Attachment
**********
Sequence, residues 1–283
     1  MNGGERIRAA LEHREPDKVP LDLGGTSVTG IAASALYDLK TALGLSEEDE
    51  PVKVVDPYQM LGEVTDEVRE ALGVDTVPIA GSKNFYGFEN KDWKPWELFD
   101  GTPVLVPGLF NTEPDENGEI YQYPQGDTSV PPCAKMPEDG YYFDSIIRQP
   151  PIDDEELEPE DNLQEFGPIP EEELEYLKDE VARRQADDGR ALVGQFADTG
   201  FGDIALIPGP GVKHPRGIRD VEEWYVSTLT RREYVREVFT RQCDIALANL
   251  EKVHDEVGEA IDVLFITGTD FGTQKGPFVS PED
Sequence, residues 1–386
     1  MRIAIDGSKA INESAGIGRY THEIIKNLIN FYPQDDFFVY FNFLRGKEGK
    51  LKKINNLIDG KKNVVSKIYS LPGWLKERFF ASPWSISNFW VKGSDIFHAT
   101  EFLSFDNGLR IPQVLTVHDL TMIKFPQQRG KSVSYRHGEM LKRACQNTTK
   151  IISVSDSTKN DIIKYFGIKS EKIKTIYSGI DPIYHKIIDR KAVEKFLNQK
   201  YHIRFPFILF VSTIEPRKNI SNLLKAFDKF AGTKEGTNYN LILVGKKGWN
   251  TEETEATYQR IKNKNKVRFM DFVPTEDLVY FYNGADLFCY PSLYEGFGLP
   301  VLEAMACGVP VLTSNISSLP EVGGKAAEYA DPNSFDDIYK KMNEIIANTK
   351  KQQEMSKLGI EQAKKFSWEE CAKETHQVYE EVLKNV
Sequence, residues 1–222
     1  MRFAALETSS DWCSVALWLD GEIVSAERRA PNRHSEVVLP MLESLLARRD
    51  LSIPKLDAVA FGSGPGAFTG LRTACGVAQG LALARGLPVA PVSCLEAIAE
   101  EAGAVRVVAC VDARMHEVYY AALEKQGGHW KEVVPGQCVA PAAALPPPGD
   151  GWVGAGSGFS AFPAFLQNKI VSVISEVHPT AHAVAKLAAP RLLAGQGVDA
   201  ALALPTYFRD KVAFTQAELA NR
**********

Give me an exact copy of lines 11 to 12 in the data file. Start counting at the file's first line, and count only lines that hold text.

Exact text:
   101  EFLSFDNGLR IPQVLTVHDL TMIKFPQQRG KSVSYRHGEM LKRACQNTTK
   151  IISVSDSTKN DIIKYFGIKS EKIKTIYSGI DPIYHKIIDR KAVEKFLNQK